In a video that premiered on Tuesday, August 16, Rugby player and Olympic gold medallist Ellia Green came out as a Trans man, making him the first Olympian in history to do so. The rugby star was pushed to come out by the increasing number of bans that prevent Transgender athletes from competing in sports.
Ellia Green was part of Australia’s Rugby Sevens team that won the gold medal at the 2016 Olympics. He played rugby professionally for ten years and is now retired and living with his wife and young daughter in Sydney.
The Olympian came out as a Trans man in a video that was broadcasted during the Bingham Cup International Summit tackling transphobia and homophobia in sport. The event aimed at developing strategies to promote the inclusion of LGBTQ+ athletes in the sports industry and presented important research conducted on the subject.
During his speech in the video, Green discussed the recent decisions of some international bodies to ban Trans athletes from competing in the female category in sports such as swimming and rugby itself. He said, “Imagine not being able to do what you love because of how you identify, banning transgender people from sport, I think is disgraceful, and I think it’s hurtful. I think that the alarmingly high rates of suicide and the mental health challenges which trans and gender diverse youth experience will get even worse.”
“I just knew I was going to be the most liberating feeling when I had that surgery and started to take the steps towards being in the body that I know I am meant to be in.” he shared.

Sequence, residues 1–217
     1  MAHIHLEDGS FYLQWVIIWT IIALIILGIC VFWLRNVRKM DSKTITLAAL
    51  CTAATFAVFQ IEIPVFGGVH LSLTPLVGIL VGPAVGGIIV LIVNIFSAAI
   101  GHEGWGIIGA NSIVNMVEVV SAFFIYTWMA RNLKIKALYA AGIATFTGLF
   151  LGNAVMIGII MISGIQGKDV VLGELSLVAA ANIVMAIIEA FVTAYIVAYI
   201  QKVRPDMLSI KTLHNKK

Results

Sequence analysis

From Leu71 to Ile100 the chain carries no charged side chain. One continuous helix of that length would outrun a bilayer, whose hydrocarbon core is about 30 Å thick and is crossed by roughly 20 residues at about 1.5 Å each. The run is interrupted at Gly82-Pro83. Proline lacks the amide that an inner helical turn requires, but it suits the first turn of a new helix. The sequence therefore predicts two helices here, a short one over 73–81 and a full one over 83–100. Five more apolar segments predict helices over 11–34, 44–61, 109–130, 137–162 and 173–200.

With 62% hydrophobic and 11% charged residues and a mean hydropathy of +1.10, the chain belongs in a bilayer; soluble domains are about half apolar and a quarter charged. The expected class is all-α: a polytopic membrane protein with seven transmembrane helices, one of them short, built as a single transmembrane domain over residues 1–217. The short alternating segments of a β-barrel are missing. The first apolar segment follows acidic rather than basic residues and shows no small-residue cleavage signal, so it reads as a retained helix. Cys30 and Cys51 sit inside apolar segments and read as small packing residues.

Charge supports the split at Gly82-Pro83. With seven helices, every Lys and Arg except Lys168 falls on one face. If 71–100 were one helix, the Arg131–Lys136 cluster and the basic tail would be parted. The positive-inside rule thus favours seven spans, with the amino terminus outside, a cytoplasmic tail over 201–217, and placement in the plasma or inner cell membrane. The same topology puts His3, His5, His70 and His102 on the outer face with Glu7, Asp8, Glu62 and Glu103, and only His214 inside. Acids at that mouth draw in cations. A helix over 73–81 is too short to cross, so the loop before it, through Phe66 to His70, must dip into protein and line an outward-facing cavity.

He then continued, saying: “Being open about my gender identity is a really difficult thing to do these days. All you have to do is turn on the TV, look on social media platforms, and you can see the amount of bullying, harm, and discrimination that goes on about gender identities. It’s extremely harmful, so for someone to be open and honest about their identity to the public eye is absolutely daunting.”
One of the presenters at the summit, Professor Elizabeth Saewyc, from the University of British Columbia’s School of Nursing, also spoke up against the bans: “We are very concerned about the health of Trans and gender diverse young people and need to do everything possible to support them, not ban them from playing sports.”
“Trans young people have poorer health than their peers across nearly every health indicator. A main contributor is the harmful discrimination and stigma they experience at school, when playing sports, and in the general community.” Saewyc added.
The President of Bingham Cup Ottawa 2022, Jean-François Laberge, commented on Green’s choice to come out saying that it will “shake up the sporting world”. He also added, “The research which was presented confirms what I had been hearing from women, that they are opposed to people being banned from playing their sport and there is no evidence that trans women are a safety risk to others.”
The research in question was presented by Prof. Saewyc and conducted jointly by UBC and Monash University (Australia).
They collected data from 7 rugby clubs in Canada, and 14 clubs in Australia and the UK to examine the attitudes of rugby players in regards to the participation of Trans athletes in sports, with the following results:
- 87% of women playing rugby in Canada support full inclusion of Trans women in their sport;
- 80% of them also disagreed with the statement “I would feel ‘unsafe’ playing with a Transgender woman”;
- 57% of all players reported having heard sexist slurs at their clubs, 22% homophobic slurs and 16% transphobic language.
Find the full video in which Olympian Ellia Green came out as a Trans man below.
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